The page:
Although many people read The Hobbit only as a precursor to Tolkien’s masterpiece, The Lord of the Rings (1968 as omnibus; original volumes The Fellowship of the Ring, 1954; The Two Towers, 1955; and The Return of the King, 1955), the earlier book deserves discussion for its own considerable merits. The third edition, revised from the original, is considered the standard.
Tolkien is one of the preeminent fantasy writers of the twentieth century. For many readers, his books provide the standards by which to judge all other fantasy. Tolkien’s success lies in his ability to “sub-create,” a process he defines in his essay “On Fairy Stories” as the artist’s ability to create a “Secondary World” that follows consistent internal rules. By describing in depth the peoples, geography, and history of his invented world, Tolkien offers an imaginary world so vividly portrayed in its complexity that readers do not so much suspend disbelief while reading as much as simply believe in Middle-earth.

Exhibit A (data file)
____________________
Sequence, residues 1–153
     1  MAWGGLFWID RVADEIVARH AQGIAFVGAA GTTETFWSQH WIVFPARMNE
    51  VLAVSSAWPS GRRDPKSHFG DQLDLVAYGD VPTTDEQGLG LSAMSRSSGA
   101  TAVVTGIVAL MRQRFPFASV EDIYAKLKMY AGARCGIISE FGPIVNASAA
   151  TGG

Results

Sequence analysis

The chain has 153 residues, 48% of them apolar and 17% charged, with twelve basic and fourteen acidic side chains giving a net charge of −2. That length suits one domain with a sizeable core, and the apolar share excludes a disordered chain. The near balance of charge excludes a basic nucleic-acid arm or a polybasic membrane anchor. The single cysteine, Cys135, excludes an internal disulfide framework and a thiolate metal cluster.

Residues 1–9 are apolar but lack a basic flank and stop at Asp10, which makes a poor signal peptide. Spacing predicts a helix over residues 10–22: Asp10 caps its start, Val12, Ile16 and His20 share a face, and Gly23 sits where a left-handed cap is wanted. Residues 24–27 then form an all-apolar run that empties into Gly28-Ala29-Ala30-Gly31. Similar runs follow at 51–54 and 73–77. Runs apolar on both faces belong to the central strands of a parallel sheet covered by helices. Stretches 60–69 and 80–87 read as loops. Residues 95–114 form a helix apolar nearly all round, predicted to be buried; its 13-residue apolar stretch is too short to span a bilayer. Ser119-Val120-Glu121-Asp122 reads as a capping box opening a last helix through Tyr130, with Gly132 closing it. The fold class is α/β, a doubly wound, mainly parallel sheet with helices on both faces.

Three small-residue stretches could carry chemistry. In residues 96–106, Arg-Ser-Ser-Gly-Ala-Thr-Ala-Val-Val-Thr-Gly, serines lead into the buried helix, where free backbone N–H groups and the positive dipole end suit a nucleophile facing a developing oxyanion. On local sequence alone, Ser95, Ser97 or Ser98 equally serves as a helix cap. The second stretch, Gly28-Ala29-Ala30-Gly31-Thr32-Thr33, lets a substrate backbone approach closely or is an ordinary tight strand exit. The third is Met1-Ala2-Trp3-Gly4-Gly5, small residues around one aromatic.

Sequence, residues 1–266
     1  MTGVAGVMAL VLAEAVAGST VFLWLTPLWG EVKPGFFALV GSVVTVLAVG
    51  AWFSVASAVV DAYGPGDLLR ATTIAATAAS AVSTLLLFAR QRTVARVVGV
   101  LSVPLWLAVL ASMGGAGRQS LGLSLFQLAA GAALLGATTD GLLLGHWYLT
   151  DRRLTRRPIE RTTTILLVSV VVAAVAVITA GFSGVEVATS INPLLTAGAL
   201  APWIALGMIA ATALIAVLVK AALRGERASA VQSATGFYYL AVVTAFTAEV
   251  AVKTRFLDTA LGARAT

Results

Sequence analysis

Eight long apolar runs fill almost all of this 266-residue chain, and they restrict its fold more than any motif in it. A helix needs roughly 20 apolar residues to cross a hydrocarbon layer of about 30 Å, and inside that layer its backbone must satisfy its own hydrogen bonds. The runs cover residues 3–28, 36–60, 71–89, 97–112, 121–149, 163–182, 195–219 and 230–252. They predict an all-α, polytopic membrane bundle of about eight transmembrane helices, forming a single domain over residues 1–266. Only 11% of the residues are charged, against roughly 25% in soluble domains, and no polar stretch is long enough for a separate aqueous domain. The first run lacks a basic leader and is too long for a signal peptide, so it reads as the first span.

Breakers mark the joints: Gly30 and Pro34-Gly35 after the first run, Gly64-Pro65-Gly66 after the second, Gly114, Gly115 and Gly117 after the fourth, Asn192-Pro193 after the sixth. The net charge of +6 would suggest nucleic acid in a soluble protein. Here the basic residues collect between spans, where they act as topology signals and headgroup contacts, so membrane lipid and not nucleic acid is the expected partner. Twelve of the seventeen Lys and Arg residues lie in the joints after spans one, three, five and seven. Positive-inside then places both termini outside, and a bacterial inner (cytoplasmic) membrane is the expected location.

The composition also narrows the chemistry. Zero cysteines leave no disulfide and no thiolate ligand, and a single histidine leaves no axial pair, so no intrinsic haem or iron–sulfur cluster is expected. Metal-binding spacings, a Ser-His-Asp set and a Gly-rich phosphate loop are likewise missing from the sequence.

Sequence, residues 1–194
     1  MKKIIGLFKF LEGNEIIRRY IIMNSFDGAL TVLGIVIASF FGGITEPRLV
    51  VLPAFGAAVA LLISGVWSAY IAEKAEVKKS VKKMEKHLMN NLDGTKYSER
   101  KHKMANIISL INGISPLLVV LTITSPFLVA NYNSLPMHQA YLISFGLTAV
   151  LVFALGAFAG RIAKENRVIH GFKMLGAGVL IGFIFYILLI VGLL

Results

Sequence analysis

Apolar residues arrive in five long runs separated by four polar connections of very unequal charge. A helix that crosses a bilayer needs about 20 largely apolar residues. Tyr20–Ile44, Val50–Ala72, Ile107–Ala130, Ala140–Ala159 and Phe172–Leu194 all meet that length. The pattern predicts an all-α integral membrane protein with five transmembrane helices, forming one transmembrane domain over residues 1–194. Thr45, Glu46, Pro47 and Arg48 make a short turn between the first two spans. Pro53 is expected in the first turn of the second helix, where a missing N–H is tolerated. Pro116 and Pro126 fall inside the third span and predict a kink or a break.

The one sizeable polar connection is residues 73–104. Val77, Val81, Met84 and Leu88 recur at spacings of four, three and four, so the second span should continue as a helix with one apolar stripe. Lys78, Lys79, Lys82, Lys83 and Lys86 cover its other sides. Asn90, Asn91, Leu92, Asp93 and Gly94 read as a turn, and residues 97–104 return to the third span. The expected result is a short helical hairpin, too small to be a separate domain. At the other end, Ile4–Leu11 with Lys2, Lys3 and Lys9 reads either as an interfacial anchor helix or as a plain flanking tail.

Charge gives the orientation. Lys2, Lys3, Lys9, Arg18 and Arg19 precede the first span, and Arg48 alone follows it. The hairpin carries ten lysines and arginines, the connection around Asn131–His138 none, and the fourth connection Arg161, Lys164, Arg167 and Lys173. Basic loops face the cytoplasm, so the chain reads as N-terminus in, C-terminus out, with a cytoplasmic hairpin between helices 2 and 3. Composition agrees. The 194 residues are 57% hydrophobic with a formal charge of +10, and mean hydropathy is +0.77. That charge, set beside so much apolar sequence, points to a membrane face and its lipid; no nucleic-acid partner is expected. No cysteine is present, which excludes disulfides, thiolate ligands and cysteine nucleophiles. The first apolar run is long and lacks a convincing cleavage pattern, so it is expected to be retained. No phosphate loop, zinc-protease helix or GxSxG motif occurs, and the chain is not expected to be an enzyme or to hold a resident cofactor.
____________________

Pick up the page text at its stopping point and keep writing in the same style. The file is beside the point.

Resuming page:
One component of Tolkien’s success as a sub-creator is his profound knowledge of Anglo-Saxon and Old Norse literature. He freely borrows its trolls, goblins, dwarves, elves, and dragons, as well as the quest motif. The quest is an archetypal pattern of fantasy literature present in fairy tales, romances, and epics; it provides structure for both the plot and character development in The Hobbit. Quest stories depict people, most often young, who leave home in search of some object. On the journey the protagonists pass a series of tests, often encountering evil and attempting to destroy it. At the end, the heroes return home fundamentally altered, with their identities reshaped.
Bilbo is a model quest hero. Readers easily identify with him. At the beginning of his travels he is not particularly...
(The entire section is 594 words.)